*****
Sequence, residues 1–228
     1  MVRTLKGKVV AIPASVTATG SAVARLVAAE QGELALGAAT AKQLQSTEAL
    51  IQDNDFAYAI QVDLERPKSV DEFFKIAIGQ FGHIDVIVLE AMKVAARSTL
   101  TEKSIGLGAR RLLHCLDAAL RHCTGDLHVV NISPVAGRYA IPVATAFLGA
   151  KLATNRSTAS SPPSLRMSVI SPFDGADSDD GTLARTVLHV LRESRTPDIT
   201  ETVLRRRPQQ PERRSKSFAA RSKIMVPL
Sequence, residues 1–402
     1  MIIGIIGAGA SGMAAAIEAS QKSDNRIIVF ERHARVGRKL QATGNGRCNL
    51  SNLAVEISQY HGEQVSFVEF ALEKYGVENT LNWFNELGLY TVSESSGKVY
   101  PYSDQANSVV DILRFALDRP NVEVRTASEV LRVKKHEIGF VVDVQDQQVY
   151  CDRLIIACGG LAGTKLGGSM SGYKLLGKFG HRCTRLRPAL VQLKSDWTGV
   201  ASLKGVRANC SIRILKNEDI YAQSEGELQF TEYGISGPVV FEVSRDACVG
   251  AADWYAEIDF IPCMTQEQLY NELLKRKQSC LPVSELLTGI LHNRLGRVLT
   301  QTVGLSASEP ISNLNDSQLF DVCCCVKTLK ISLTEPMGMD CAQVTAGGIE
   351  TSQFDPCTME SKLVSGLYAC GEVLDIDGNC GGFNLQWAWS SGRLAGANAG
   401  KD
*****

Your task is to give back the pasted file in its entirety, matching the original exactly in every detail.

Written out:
Sequence, residues 1–228
     1  MVRTLKGKVV AIPASVTATG SAVARLVAAE QGELALGAAT AKQLQSTEAL
    51  IQDNDFAYAI QVDLERPKSV DEFFKIAIGQ FGHIDVIVLE AMKVAARSTL
   101  TEKSIGLGAR RLLHCLDAAL RHCTGDLHVV NISPVAGRYA IPVATAFLGA
   151  KLATNRSTAS SPPSLRMSVI SPFDGADSDD GTLARTVLHV LRESRTPDIT
   201  ETVLRRRPQQ PERRSKSFAA RSKIMVPL
Sequence, residues 1–402
     1  MIIGIIGAGA SGMAAAIEAS QKSDNRIIVF ERHARVGRKL QATGNGRCNL
    51  SNLAVEISQY HGEQVSFVEF ALEKYGVENT LNWFNELGLY TVSESSGKVY
   101  PYSDQANSVV DILRFALDRP NVEVRTASEV LRVKKHEIGF VVDVQDQQVY
   151  CDRLIIACGG LAGTKLGGSM SGYKLLGKFG HRCTRLRPAL VQLKSDWTGV
   201  ASLKGVRANC SIRILKNEDI YAQSEGELQF TEYGISGPVV FEVSRDACVG
   251  AADWYAEIDF IPCMTQEQLY NELLKRKQSC LPVSELLTGI LHNRLGRVLT
   301  QTVGLSASEP ISNLNDSQLF DVCCCVKTLK ISLTEPMGMD CAQVTAGGIE
   351  TSQFDPCTME SKLVSGLYAC GEVLDIDGNC GGFNLQWAWS SGRLAGANAG
   401  KD